Wednesday, September 18, 2013

The Bowmanville Show

Last Spring, when I was busy preparing for the 40th annual Bowmanville Antique and Folk Art Show. I was searching the flea markets and antique stores when I came across this little gem.

It's an example of First Nation's beadwork, most likely Cree or Ojibway and done on black cotton cloth. What I also liked about it was the original oak frame which still had its original "shingle" back.

Prior to about 1930, it was common to cover the back of a framed item with a thin piece of wood commonly referred to as a shingle.  Later, framers opted for cardboard or other synthetic material. At that time oak was also a popular choice for framing.  So, seeing the original shingle back on this piece and the fact that it was made of oak, I could estimate it's age with reasonable accuracy to about 1910.

I also noted that the back had likely never been removed.  Clearly this piece had been well cared for and the frame both front and back had developed the warm glow that emanates from old pieces made of oak.  I took it to the Bowmanville show, priced it reasonably and it didn't sell.  Fine with me. I happily took it back home and put it back up on the wall where I continue to admire it to this day.

On that same trip last Spring or perhaps a week or two later, I found this small woodcarving in an outlying antique store. Even from several feet away, one could see that this was a superb carving, sensitively done with much skill and knowledge. I bought it on the spot. It went to the Bowmanville Show as well but this time, as soon as the show opened, the owners of Black Sheep Gallery in West Jeddore Village, NS, who also have a booth at the Bowmanville show, walked into my booth and bought it along with several other small carvings.

That's the way it is when you buy and sell folk art. Some times the objects come home with you, sometimes they don't!  Still, I take some satisfaction knowing that another dealer agreed with my assessment and was willing to buy the piece from me.

I'll conclude this post with a third item. On this occasion, I was at a flea market wandering through the aisles of dealers outside. I saw this painting propped up against a table.  I don't know about other collectors and dealers but when a great piece of folk art comes into my view, it literally grabs my attention. This painting was no exception.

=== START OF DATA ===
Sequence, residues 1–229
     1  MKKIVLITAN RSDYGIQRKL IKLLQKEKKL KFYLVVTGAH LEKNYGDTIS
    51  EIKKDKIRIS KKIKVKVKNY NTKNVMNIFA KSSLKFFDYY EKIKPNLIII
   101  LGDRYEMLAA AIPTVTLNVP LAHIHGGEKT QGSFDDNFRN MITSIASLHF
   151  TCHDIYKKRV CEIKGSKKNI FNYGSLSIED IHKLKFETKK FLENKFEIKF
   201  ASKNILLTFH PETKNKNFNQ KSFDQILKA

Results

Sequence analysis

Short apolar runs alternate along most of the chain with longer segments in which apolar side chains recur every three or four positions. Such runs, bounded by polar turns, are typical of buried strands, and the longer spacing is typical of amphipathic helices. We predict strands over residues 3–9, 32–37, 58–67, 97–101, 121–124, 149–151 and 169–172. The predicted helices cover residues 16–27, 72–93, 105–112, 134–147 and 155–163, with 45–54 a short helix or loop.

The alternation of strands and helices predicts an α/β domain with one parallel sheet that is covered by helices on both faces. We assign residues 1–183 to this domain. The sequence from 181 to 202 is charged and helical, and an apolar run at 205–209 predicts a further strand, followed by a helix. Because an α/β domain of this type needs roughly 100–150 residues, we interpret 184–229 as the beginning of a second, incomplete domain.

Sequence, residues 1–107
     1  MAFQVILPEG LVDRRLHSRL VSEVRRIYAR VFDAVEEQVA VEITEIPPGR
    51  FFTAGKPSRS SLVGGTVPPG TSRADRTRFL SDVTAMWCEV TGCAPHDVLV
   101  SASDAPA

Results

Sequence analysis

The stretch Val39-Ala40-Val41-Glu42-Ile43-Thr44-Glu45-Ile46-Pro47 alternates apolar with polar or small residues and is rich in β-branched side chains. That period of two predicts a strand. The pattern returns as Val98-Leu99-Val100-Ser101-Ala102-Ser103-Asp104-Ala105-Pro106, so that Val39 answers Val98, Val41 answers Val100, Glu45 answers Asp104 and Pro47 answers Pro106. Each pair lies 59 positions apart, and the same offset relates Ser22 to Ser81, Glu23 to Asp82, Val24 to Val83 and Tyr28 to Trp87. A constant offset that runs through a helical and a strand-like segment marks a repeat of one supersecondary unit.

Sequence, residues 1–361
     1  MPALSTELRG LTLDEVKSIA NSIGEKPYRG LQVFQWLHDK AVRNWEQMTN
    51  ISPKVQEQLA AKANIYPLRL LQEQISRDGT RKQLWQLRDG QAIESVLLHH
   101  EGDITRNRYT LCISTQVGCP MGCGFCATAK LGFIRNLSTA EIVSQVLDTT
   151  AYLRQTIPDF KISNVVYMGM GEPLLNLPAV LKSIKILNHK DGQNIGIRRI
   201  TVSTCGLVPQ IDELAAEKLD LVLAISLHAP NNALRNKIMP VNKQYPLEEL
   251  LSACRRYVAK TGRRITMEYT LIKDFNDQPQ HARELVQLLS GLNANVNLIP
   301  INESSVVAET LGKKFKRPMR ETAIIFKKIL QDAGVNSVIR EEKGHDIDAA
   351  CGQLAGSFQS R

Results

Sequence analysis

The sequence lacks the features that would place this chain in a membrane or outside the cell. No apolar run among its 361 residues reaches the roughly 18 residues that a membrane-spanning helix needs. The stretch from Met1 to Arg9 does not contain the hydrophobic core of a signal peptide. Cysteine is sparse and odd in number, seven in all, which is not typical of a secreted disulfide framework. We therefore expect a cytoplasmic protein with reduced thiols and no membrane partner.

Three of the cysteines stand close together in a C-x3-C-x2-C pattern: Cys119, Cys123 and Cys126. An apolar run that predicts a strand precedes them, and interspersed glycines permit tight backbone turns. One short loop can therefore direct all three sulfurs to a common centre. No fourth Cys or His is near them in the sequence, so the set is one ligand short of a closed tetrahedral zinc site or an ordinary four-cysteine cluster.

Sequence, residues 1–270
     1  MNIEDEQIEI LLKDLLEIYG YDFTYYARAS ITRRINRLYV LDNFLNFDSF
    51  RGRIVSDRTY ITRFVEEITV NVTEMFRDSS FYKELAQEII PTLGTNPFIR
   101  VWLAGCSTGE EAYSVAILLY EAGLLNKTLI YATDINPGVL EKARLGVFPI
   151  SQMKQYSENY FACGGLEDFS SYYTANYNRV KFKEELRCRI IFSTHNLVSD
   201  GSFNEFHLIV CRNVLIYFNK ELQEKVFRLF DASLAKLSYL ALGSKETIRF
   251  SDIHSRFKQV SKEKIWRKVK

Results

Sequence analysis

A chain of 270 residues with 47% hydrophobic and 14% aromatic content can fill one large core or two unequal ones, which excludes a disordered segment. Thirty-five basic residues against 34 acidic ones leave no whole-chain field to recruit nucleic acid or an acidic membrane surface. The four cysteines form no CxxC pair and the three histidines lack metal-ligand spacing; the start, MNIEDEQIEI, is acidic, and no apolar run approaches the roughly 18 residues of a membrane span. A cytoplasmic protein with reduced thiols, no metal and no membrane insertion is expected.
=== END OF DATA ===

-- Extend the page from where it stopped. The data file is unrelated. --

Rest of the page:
As you can see, it's a landscape featuring the painting of a mill at the edge of a mill pond, it's mill wheel churning away providing power to the machinery inside the building.  But look at the detail in the mill! Every stone and line of mortar is painted individually! All of the roof tiles or shingles are painted individually! I love the way the artist captured the play of water on the wheel and the reflection of the adjoining building in the water and the little row boat pulled up on shore. While an academic painter might have opted to simply paint an impression of the stonework and the shingles, this folk artist painted each and every one. That's characteristic of folk artists. If they want to paint stones in a building or stars in the sky, they do it, every single one.

The Atlantic Canada folk artist Joe Norris painted the night time sky in many of his works.  Every sky has a hundred or more stars - all painted individually. Joe's "starry night" paintings are magnificent and I long to own one.

I took this painting to Bowmanville as well. It wasn't long before a perceptive individual came into my book and took a good look at the painting. She turned to me and asked a few details. She bought the painting. I still miss it to this day. But, hey, it's Bowmanville! Collectors expect good things when they come to that show and I try to bring objects that are of that standard - even if it hurts to say good bye to some of them!

Are you going to Bowmanville in 2014? Put it on your calendar now. You won't be disappointed. Come for the rush on Friday night which is a blast to experience. Then come back on Saturday for a more leisurely stroll through the show. You'll see more great items there in one weekend than you will in an entire year.  Maybe I'll see you there!

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